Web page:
Michael Arrington, the founding editor of TechCrunch, has been making plenty of noise since being relieved of his duties by Arianna Huffington last week. Her reason for ousting Arrington was his new $20 million venture capitol fund, brazenly called CrunchFund, which invests in some of the same companies TechCrunch covers. AOL, who bought TechCrunch from Arrington last year, has invested approximately $10 million into the new fund.
Can you say conflict of interest? Huffington could, and promptly canned Arrington.
Arrington is trying to recast himself as a noble journalist, fighting for editorial control of his website. In a melodramatic TechCrunch blog post yesterday, demanding AOL failed to restore his editorial independence or sell the site back to him.
Media critics seem to be collectively rolling their eyes. The Business Insider writes: “This is equivalent to an employee who has been fired demanding that, if the division he just got fired from is not immediately stripped from his former boss’s control and placed back under his control, he’ll quit.” David Carr of the New York Times declares TechCrunch and AOL’s association with CrunchFund as “almost comically over the line.”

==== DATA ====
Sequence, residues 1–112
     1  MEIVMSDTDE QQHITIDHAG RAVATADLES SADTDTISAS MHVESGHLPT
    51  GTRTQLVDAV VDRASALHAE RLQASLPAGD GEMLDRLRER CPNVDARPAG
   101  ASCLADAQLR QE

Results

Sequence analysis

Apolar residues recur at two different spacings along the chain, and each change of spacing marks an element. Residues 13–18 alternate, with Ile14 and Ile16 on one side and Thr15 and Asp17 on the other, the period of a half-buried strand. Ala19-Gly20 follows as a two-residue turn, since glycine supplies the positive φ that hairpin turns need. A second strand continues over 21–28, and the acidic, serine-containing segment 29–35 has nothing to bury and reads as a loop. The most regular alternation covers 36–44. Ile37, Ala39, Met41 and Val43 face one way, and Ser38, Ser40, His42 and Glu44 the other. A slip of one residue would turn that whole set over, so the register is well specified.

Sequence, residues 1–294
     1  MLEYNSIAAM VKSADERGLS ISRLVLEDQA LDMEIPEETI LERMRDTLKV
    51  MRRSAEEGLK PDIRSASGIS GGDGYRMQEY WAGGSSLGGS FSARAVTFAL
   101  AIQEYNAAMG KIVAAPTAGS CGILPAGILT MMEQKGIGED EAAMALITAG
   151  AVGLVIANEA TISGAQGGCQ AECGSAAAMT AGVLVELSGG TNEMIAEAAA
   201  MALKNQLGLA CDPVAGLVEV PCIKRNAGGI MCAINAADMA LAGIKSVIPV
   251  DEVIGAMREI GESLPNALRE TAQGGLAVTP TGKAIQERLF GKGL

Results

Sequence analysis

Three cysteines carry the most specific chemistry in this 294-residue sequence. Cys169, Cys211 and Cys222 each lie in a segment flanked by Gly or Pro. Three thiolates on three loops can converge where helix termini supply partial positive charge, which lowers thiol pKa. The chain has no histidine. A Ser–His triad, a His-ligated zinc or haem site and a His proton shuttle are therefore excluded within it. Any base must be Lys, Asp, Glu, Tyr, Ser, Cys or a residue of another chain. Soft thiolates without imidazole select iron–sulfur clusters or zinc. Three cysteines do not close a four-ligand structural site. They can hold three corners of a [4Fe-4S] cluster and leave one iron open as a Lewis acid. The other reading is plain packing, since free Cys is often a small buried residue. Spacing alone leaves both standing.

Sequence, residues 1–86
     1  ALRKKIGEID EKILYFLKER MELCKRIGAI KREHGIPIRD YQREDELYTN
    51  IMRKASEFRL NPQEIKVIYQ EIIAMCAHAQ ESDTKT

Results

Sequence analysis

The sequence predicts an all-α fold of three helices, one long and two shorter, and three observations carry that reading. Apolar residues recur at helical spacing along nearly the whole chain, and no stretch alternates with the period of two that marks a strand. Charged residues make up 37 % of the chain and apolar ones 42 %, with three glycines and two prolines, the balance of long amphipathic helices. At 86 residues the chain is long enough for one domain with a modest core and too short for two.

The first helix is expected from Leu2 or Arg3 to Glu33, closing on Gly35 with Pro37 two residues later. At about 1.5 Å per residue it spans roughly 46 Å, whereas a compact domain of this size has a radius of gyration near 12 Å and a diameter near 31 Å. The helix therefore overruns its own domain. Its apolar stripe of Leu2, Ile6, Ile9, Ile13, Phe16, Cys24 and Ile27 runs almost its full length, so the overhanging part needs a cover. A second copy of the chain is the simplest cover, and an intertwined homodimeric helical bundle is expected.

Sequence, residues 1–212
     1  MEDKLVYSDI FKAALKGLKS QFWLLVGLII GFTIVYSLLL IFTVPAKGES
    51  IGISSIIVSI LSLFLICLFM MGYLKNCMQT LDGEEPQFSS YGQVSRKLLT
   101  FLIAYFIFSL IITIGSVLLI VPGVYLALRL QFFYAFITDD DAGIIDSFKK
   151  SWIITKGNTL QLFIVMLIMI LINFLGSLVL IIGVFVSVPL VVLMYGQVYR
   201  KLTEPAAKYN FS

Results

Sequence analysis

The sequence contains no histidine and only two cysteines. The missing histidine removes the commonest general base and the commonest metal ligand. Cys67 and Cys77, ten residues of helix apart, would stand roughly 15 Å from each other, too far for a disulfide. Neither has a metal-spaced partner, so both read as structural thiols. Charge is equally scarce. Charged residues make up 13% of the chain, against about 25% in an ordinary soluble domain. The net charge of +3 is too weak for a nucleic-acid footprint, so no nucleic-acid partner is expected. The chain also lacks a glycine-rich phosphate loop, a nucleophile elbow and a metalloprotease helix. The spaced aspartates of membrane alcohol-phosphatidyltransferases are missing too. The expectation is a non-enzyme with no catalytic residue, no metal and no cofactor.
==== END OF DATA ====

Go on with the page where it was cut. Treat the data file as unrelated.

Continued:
VentureBeat has a theory about Arrington’s theatrics. They posit that he has financial motive to remain at TechCrunch:
Ask yourself how much more value Arrington has as the head of CrunchFund (his new $20 million venture fund) if he manages to retain an editorial role within TechCrunch.
He knows it’s a lot. In fact, he values that relationship so much that he’s willing to buy TechCrunch back from AOL so that he can continue running and contributing to the publication while investing in whatever startups he pleases.
It should be noted that Huffington magnanimously invited Arrington to contribute to AOL as an unpaid blogger.